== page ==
The C.D.C. has recommended that all Americans wear cloth masks if they go out in public. This is a shift in federal guidance reflecting new concerns that the coronavirus is being spread by infected people who have no symptoms. Until now, the C.D.C., like the W.H.O., has advised that ordinary people don’t need to wear masks unless they are sick and coughing. Part of the reason was to preserve medical-grade masks for health care workers who desperately need them at a time when they are in continuously short supply. Masks don’t replace hand washing and social distancing.

    • What should I do if I feel sick?

      If you’ve been exposed to the coronavirus or think you have, and have a fever or symptoms like a cough or difficulty breathing, call a doctor. They should give you advice on whether you should be tested, how to get tested, and how to seek medical treatment without potentially infecting or exposing others.


None of these techniques solves marital problems. They can only provide the physical conditions that you need to reach to get to the point where you might address the real problems in your marriage.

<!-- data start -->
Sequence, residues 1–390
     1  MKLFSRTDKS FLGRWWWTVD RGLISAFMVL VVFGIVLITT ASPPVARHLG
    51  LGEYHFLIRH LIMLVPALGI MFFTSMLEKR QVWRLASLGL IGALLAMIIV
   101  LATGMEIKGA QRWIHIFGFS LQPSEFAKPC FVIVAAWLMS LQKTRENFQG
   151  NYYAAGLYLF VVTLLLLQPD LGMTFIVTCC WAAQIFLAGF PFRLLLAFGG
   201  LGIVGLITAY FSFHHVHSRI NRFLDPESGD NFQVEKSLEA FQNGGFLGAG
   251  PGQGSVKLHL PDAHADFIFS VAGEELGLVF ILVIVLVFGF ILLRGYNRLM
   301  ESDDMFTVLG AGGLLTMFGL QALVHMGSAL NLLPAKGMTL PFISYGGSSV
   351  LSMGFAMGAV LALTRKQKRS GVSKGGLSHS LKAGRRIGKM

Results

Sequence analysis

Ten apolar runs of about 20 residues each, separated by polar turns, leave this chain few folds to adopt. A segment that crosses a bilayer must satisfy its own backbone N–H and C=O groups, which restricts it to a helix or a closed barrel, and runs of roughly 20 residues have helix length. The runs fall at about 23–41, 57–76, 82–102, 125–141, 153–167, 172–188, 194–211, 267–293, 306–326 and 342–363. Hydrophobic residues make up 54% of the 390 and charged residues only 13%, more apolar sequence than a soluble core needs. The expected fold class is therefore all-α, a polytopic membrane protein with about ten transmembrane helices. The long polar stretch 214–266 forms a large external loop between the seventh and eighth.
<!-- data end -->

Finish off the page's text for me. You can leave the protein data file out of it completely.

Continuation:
Covid-19 is likely to continue to bring more marital problems: money struggles, differences over child-rearing during a crisis, messy houses, less time alone. These are not going to be solved by eye contact and silly dances. But they can’t be solved by fighting either, and the sooner you de-escalate a fight, the sooner you can begin working on real solutions.

Fighting in marriage is inevitable. Fighting is the price you pay for intimacy. To be close to someone is to risk threat, and to react to threat. But the couples that work, over time, learn to pay less and less for the intimacy. What they know, what they’ve come to understand, both in their minds and in their bones, is that when you pay, when you fight, you’re paying for nothing.

The time for reasonable discussion of marital problems is in quiet calm, after the crisis, assuming the crisis ends and some quiet calm eventually comes.

You fight with people you love because they are the ones who are really threatening to you, and they’re threatening exactly because you love them and you need them. When are we going to need our partners more than now?

Stephen Marche is a writer and host of an audio series on marriage on Audible that starts on June 11.

Source: nytimes.com

Tags: health